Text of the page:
I included the version numbers for the software I use. AstroDSLR and Lynkeos are consciously older versions, simply for their speed (their subsequent upgrades were catastrophic).

Capture in AstroDSLR is fairly straightforward:

(Click for full size.)
gallery_273658_12412_280636.jpg

Note that I'm using AWB vice daylight. This is because we're getting an 8-bit JPEG off the LiveView and not a 14-bit RAW. When I capture with Daylight, the blues and reds are quite compressed in the stack. Planetary targets are in full sun, and AWB makes better (or at least more complete) use of all three histograms. I use the ISO12800 setting because it gives me the greatest control on the actual gain of the sensor. Yes, we're actually only controlling ISO—the capture settings are simulated because the actual Ts (at least for LiveView off the 600D/T3i) is fixed at 1/30sec. For the optimal gain, I just adjust the Ts setting until the histogram max is just under 50,000. For this capture, Ts was 1/200sec. By simple math, this was a gain of ~ISO1920; with the eyepiece unshimmed, I'm usually at 1/160sec or ISO2400. Make sure you click the Zoom button to get 5× zoom. And click the preview downscaling button—with the upscaling button, capture peaks at ~8 fps; downscaling takes it up to ~9.5. With all that set, just do a 200sec recording. Since I display my time with seconds on my menu bar, I just add 3 minutes and 20 seconds from after I clicked the record button and clicked "Save".

Once you've got the .mp4 saved, fire up Lynkeos 2.10. Drop the .mp4 on the window, and it will parse out all the frames. A curious note about Lynkeos: it will only load key frames. AstroDSLR seems to store every frame as a key frame, but the in-camera video does not. So if I want to use all the frames from an in-camera video at 30 fps, I actually have to rip the .mov into frames with a ripper. This approach is much simpler, and I get much better results. So here's the .mp4 loaded and parsed:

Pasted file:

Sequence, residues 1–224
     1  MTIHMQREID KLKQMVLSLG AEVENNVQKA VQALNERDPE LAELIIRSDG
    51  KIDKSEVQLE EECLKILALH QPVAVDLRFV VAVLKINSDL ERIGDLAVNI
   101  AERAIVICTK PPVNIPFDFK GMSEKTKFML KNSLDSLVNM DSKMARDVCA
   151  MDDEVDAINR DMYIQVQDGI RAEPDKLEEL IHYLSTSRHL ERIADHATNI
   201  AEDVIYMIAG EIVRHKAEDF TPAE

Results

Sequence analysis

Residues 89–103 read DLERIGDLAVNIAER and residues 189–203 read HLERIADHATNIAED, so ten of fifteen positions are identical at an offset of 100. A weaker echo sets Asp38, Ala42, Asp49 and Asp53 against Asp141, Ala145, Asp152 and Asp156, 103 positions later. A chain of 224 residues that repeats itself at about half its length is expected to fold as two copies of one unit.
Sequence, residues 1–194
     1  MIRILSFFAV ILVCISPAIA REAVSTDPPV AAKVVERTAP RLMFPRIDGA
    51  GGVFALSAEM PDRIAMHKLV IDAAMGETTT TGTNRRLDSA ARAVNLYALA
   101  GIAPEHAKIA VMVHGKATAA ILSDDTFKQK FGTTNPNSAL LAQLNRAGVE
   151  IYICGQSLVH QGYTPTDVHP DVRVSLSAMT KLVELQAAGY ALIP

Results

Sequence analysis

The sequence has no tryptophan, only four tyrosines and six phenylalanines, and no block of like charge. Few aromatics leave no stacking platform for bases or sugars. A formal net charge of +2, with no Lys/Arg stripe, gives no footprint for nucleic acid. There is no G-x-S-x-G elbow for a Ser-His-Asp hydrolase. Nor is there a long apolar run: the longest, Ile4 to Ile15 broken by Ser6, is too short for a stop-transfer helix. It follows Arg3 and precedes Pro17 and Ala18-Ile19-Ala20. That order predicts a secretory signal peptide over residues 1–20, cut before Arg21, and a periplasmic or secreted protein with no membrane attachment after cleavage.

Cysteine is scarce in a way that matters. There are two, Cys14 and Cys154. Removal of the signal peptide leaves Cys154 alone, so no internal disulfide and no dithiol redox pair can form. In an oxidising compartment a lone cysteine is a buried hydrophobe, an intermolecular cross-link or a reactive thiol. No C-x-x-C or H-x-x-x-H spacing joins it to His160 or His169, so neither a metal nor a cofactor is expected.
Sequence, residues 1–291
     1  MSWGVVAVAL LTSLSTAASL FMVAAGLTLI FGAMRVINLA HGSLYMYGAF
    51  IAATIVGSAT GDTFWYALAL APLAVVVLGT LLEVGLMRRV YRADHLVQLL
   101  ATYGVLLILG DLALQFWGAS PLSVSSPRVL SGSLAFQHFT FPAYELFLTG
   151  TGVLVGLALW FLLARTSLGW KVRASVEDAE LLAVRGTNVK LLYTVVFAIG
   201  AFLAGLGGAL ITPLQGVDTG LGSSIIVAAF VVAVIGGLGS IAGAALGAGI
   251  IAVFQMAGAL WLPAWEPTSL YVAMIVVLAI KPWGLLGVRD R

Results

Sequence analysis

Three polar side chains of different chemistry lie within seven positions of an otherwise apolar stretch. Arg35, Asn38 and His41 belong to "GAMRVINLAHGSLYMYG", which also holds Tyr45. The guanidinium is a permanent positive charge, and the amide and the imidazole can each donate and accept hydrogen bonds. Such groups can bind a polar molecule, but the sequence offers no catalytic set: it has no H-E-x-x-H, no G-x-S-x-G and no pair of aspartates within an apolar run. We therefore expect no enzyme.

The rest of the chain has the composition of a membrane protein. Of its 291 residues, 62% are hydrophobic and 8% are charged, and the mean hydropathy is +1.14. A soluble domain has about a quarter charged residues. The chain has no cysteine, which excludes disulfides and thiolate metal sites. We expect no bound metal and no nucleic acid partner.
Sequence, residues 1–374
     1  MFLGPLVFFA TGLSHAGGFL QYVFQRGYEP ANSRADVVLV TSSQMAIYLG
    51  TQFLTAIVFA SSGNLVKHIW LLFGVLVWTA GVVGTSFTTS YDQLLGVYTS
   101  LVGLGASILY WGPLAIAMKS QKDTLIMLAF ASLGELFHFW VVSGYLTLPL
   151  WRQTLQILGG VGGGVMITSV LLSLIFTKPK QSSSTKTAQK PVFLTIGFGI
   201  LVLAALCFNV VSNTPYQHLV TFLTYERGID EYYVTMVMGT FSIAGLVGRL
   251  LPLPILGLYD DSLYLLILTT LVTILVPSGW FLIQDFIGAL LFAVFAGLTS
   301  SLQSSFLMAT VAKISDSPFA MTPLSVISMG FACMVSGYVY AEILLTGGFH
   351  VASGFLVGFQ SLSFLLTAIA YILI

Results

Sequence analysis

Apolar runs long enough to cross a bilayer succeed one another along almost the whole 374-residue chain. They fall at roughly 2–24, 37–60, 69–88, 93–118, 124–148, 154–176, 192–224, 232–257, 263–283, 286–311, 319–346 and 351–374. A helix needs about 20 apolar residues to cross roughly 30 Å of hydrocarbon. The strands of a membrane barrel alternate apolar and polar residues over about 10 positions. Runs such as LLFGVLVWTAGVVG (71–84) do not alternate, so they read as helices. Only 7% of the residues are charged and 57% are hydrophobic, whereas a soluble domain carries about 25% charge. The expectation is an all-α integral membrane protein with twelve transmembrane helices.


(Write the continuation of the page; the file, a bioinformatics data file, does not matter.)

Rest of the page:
gallery_273658_12412_67912.jpg

For alignment with Lynkeos, I find the alignment frame size needs to be about 50% bigger than the target's largest extent. It can be bigger—up to 300 pixels for a 5-pixel star—but it seems to be most accurate at 50%. In this case, that was 700 pixels. If your Jupiter drifted outside of that, start with a bigger box for a first pass, and then do it again with a 150% box.

A note about speed. If you want to watch the images update during the alignment, it can be mesmerizing to watch them all fly by. But if you want speed—as in the full stack aligned in seconds, turn this feature off in the preferences:

gallery_273658_12412_55493.jpg

Once aligned, we move on to downselection based on quality.

gallery_273658_12412_29548.jpg

I haven't figured out where the default settings come from, but the low setting of 0.08 doesn't correspond to anything I've ever shot. Just click the preview check box and increment the low frequency down until you find where you get the most interpixel details in the Fourier Transform view of the image. For mine, this was at 0.01. Then put the sampling box on the greatest extent you can put on the disk—in this case, this was 300 pixels. Note that if you scroll down through the images, the Fourier image is out of alignment. This is because Lynkeos does the Fourier Transform on the original frame, not the alignment. So just make sure you're using your "Reference" alignment image (typically the first one, unless you selected a different one during alignment). Unclick the "Preview" check box and click "Analyze". Seconds later, you'll have useful quality metrics: